110 outlet to 120 outlet

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  #1  
Old 01-21-08, 12:30 PM
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110 outlet to 120 outlet

I tried to install a 120 outlet at an existing 110 outlet. I connected the black wires to brass and the white wires to silver.

On the back of the 110 outlet there was one black and one white wire installed into the back of the existing outlet.

When I installed the 120 outlet I took the extra white wire and used it as a ground wire and I capped off the extra black wire.

When I turned the main breaker back on the outlet didn't work.

Any suggestions on what I'm doing wrong?
 
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Old 01-21-08, 12:41 PM
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I am not sure where you got the 110 and 120 device reference but I am guessing you mean an older receptacle with no ground and a newer one with the ground connection on it.
You can't use the white wire as a ground wire, you must use the bare ground wire or green wire that was already there if the receptacle did not have a ground to begin with you are suppose to use a GFI receptacle marked as having no ground
It sounds as if the extra white and black wires were actually the feed wires which need to be connected to the receptacle. If in the previous version the two blacks and two whites went to the receptacle then they must be connected in the same manner to get the device to work. .

Although changing a receptacle sounds very simple there are a few things you must consider and understand or the installation may not be safe for the one installing the device or the people living in the house.

I would recommend you take a little while and read some basic books on the subject, this suggestion is for the safety of your property and family.
 
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Old 01-21-08, 12:42 PM
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Originally Posted by floreenj View Post
I tried to install a 120 outlet at an existing 110 outlet. I connected the black wires to brass and the white wires to silver.

On the back of the 110 outlet there was one black and one white wire installed into the back of the existing outlet.

When I installed the 120 outlet I took the extra white wire and used it as a ground wire and I capped off the extra black wire.

When I turned the main breaker back on the outlet didn't work.

Any suggestions on what I'm doing wrong?
From your description I'm not certain what you are trying to do.

For starters, what is the difference between what you are describing as "110V and "120V" outlets.
 
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Old 01-21-08, 12:42 PM
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110, 115, 120 volts is all the same thing as far as home electric is concerned.

You need to connect the ground wire to the ground screw. Do NOT connect the white wire to the green ground screw. If you don't have ground wire(green or bare) then you need to be using a GFCI receptacle and leave nothing connected to the ground screw.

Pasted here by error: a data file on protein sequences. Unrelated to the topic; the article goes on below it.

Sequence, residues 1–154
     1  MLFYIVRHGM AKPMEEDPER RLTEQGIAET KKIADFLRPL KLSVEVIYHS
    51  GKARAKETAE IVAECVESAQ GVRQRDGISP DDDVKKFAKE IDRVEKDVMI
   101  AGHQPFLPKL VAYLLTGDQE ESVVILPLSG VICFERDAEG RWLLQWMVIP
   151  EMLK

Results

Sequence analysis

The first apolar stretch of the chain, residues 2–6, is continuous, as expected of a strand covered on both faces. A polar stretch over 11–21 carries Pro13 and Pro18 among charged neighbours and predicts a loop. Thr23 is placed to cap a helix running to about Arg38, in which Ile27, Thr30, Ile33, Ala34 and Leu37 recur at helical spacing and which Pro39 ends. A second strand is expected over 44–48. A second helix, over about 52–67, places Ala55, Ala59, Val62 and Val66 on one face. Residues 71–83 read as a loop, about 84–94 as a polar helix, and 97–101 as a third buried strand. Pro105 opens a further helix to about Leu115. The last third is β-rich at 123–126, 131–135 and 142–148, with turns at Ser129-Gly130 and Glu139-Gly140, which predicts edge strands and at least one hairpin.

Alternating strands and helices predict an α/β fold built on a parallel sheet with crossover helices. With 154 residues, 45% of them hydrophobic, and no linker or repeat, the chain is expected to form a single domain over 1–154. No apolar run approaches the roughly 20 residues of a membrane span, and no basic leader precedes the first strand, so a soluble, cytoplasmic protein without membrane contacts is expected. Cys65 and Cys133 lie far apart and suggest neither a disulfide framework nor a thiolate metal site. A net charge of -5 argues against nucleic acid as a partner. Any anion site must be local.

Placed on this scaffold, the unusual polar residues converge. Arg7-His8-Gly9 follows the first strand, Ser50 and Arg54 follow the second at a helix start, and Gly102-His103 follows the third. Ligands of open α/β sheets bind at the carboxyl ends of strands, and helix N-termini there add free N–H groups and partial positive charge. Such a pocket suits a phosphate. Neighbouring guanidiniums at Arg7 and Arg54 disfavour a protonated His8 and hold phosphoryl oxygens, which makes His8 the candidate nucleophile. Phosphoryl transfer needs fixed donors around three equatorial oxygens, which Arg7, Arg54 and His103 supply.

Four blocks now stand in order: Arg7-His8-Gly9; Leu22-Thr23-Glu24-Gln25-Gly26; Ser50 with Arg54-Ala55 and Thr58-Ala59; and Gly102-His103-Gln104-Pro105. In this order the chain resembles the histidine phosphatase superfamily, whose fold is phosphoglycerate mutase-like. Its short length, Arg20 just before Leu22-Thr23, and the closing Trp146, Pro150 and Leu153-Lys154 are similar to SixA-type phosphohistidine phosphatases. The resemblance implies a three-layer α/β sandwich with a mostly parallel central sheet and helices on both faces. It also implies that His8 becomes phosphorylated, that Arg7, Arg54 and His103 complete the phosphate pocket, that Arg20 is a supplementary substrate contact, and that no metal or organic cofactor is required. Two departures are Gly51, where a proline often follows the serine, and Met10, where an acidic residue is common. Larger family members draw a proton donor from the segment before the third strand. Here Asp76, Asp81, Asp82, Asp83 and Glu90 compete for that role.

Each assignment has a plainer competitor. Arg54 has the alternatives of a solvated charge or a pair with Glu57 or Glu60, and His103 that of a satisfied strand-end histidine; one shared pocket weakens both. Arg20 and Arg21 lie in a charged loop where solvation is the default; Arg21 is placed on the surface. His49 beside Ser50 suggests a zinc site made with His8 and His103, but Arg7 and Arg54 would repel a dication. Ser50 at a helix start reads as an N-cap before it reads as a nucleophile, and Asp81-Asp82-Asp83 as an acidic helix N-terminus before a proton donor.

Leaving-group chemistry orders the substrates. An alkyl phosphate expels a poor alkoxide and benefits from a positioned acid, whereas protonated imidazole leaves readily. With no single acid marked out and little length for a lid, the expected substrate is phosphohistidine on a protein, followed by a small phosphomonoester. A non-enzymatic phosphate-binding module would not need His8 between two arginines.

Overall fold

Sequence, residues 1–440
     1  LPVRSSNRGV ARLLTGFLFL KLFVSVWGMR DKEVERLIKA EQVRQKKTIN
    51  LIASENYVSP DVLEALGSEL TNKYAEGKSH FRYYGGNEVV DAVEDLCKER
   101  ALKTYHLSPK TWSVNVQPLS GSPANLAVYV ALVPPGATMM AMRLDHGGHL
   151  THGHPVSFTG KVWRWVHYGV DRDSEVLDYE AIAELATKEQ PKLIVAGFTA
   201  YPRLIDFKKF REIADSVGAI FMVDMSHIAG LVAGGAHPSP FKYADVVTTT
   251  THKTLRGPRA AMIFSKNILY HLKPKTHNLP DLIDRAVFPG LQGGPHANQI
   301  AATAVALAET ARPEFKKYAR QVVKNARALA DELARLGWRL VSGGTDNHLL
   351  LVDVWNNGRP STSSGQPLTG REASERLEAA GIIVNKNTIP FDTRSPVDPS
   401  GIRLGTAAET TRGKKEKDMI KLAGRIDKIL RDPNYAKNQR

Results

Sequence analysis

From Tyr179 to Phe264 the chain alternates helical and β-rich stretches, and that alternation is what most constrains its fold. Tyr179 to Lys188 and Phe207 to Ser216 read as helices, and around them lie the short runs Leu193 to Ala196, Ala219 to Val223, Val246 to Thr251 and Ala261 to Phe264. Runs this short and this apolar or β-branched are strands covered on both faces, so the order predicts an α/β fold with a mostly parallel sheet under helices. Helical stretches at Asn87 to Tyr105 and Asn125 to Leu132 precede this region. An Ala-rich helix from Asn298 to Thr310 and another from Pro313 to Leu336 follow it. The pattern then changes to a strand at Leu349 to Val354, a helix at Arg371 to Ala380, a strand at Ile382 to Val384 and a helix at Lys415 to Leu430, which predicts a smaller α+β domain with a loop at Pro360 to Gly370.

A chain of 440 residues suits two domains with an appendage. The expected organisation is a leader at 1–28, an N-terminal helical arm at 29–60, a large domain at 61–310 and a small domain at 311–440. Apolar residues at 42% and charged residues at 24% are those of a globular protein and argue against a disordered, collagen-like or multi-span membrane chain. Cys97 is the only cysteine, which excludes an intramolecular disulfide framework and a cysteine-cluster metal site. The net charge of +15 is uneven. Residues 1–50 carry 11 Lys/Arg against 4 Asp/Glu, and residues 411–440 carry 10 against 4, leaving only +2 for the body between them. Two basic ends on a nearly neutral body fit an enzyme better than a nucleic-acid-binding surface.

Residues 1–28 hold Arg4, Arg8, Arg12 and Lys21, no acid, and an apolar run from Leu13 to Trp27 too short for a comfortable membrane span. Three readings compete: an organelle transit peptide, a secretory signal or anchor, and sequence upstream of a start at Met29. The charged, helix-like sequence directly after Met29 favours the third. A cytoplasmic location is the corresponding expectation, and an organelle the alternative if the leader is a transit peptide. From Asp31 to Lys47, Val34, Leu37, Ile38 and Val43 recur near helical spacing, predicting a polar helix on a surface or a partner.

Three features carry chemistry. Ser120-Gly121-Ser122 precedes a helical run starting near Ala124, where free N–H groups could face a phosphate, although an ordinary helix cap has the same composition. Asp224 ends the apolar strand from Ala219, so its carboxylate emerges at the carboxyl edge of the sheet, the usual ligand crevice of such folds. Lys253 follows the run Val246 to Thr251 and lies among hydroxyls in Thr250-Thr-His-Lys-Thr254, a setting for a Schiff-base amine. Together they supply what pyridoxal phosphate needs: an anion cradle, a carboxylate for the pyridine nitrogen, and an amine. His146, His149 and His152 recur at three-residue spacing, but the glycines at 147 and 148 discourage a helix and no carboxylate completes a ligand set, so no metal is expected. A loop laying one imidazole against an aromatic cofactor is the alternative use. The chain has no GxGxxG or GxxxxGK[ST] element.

To actually fix your problem you need to connect all the black wires together with a short 6 inch pigtail piece of black wire of the same gauge as the rest of the wires using a wire nut. Then connect the pigtail to one of the gold screws.
Do the same thing for the white wires and connect the pigtail to the silver screw.
 
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Old 01-21-08, 12:56 PM
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I have no idea what you actually did, except that it was wrong.

You cannot legally extend an ungrounded circuit, so if the existing receptacle had no ground then you cannot extend the circuit.

If the circuit did have a ground, or the box is properly grounded, then to extend the circuit you simply connect all black wires together and all white wires together (assuming there is no switch involved which might change things).

By the way, never ever use the back stab connectors. These are the Push In type connectors I think you are describing. These are prone to failure over time. Instead use the screw terminals.
 
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Old 01-21-08, 05:34 PM
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Whoa I can't belive I just read that you connected a neutral wire to a ground screw.


Stop and pick up the phone book and pick an electrician please.
 
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Old 01-22-08, 07:26 AM
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Originally Posted by joed View Post
Do the same thing for the white wires and connect the pigtail to the silver screw.
Should not even do that, unless all the circuits passing through the box have been traced back to their originating breaker or fuse - one of more of those might be for a shared-neutral ("multi-wire") circuit, if so it should not be connected to the grounded conductors of other circuits.
 
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Old 01-22-08, 09:38 AM
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Originally Posted by Michael Thomas View Post
Should not even do that, unless all the circuits passing through the box have been traced back to their originating breaker or fuse - one of more of those might be for a shared-neutral ("multi-wire") circuit, if so it should not be connected to the grounded conductors of other circuits.
Based on the orginal posters description of how they were previously connected to the receptacle they SHOULD all be connected together in this case.
 
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